Grandma always said – don’t let your food go to waste.
She may have been on to something.
According to a report by the Waste & Resources Action Program and the Global Commission on the Economy and Climate, reducing consumer food waste could save between $120 billion and $300 billion globally by the year 2030.
But it’s not just about the money. Scientists estimate that up to 14 percent of emissions from agriculture by 2050 could be avoided by managing food use and distribution better, per a study from the Potsdam Institute for Climate Impact Research.
With all eyes on sustainability, there’s incredible motive to create, package and distribute food more responsibly.
Retailers, vendors and consumers are catching on – and are doing their part to reduce food waste.
In fact, Mintel named reducing food waste one of its six key trends impacting the global food and drink market in 2017 and beyond.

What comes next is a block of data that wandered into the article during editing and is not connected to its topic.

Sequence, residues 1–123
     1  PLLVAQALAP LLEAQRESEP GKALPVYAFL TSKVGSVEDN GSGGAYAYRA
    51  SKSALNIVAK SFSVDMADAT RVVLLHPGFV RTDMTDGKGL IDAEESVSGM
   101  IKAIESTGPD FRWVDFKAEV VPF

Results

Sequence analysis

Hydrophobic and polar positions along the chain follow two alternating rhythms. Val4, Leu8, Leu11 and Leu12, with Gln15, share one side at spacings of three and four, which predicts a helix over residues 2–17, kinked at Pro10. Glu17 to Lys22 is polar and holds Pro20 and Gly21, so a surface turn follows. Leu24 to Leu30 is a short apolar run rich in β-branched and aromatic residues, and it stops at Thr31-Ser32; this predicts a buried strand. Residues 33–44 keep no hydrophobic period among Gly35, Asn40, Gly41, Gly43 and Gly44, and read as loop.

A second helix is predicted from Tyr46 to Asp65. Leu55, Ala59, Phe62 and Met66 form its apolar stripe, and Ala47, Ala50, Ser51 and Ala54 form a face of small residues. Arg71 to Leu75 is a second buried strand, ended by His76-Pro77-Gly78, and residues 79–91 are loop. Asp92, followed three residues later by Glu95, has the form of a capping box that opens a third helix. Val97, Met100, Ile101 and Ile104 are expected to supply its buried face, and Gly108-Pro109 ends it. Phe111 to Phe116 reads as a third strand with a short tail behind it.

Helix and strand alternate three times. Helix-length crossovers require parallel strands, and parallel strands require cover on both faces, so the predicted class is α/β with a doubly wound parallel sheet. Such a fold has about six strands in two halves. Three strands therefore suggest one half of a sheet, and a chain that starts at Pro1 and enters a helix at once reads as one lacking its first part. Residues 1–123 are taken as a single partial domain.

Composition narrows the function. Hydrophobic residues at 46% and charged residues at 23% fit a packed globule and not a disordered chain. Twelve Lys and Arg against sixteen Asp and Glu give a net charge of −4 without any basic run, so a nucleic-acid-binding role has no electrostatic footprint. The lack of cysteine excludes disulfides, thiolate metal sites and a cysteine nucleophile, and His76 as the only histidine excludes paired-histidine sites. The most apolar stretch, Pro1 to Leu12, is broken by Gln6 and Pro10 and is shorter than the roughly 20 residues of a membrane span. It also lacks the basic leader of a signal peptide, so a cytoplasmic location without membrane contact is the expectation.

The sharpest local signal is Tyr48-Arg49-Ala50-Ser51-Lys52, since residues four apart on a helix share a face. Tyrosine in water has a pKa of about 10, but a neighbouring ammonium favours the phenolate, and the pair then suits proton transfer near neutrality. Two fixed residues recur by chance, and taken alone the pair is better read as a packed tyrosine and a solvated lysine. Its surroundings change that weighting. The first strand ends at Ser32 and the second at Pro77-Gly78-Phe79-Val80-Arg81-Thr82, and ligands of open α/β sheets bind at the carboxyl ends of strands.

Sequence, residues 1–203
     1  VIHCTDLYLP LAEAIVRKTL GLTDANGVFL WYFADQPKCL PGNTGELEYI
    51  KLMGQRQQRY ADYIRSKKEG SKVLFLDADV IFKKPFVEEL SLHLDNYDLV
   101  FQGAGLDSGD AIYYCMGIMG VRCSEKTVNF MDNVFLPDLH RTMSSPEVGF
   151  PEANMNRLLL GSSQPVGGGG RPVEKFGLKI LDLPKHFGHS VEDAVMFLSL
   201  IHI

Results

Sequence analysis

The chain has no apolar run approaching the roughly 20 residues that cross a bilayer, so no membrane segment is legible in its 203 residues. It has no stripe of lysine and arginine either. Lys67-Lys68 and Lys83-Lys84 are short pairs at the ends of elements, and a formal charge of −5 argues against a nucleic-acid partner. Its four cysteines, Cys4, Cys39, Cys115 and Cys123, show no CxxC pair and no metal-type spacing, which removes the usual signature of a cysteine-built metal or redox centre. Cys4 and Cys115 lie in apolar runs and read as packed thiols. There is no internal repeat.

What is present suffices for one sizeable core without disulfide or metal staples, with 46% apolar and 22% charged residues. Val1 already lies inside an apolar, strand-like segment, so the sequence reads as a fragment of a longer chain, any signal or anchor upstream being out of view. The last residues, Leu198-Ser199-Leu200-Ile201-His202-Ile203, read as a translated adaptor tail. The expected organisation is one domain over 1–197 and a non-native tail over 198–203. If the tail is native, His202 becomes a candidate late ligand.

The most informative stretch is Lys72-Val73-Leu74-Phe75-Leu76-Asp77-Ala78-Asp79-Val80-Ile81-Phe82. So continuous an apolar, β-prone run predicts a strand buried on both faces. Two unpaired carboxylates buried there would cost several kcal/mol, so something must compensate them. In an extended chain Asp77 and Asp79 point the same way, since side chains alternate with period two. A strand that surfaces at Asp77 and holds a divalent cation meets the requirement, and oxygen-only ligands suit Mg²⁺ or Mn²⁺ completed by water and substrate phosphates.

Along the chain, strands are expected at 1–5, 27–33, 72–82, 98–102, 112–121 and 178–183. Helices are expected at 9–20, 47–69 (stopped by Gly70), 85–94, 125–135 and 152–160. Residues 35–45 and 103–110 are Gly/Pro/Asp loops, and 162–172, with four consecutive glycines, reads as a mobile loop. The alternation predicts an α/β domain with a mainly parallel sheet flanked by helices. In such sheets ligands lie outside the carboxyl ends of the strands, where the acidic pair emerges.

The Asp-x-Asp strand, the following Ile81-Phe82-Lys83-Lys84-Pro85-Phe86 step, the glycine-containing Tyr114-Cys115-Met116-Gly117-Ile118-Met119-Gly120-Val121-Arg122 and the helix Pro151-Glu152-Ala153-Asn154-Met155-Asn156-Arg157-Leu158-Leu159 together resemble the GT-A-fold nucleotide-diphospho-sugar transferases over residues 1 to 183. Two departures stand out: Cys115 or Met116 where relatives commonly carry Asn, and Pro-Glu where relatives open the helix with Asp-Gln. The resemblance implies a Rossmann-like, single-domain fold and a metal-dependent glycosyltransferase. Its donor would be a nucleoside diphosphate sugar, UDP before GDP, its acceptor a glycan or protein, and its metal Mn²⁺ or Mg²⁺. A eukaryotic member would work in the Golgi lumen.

More retailers, restaurants and philanthropic organizations are addressing the sheer amount of food and drink that is wasted around the world, which is changing consumer perceptions.
In 2017, the stigma associated with imperfect produce will begin to fade, more products will make use of ingredients that would have otherwise gone to waste.
The trend has already showed signs of growth, with a new crop of food brands getting creative by making sure every aspect of their production reduces waste.